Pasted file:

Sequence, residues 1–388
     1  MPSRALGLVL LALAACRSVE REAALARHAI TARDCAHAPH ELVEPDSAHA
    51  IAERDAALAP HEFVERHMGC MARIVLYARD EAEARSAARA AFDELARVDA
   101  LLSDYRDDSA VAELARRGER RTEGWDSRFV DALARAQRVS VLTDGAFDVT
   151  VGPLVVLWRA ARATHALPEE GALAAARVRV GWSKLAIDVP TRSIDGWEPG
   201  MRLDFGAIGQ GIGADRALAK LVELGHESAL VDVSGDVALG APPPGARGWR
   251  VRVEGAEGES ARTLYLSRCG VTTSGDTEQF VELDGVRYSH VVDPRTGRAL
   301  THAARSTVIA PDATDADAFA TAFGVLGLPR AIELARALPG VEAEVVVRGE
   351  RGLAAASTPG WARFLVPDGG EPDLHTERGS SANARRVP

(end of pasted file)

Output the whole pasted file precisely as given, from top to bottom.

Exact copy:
Sequence, residues 1–388
     1  MPSRALGLVL LALAACRSVE REAALARHAI TARDCAHAPH ELVEPDSAHA
    51  IAERDAALAP HEFVERHMGC MARIVLYARD EAEARSAARA AFDELARVDA
   101  LLSDYRDDSA VAELARRGER RTEGWDSRFV DALARAQRVS VLTDGAFDVT
   151  VGPLVVLWRA ARATHALPEE GALAAARVRV GWSKLAIDVP TRSIDGWEPG
   201  MRLDFGAIGQ GIGADRALAK LVELGHESAL VDVSGDVALG APPPGARGWR
   251  VRVEGAEGES ARTLYLSRCG VTTSGDTEQF VELDGVRYSH VVDPRTGRAL
   301  THAARSTVIA PDATDADAFA TAFGVLGLPR AIELARALPG VEAEVVVRGE
   351  RGLAAASTPG WARFLVPDGG EPDLHTERGS SANARRVP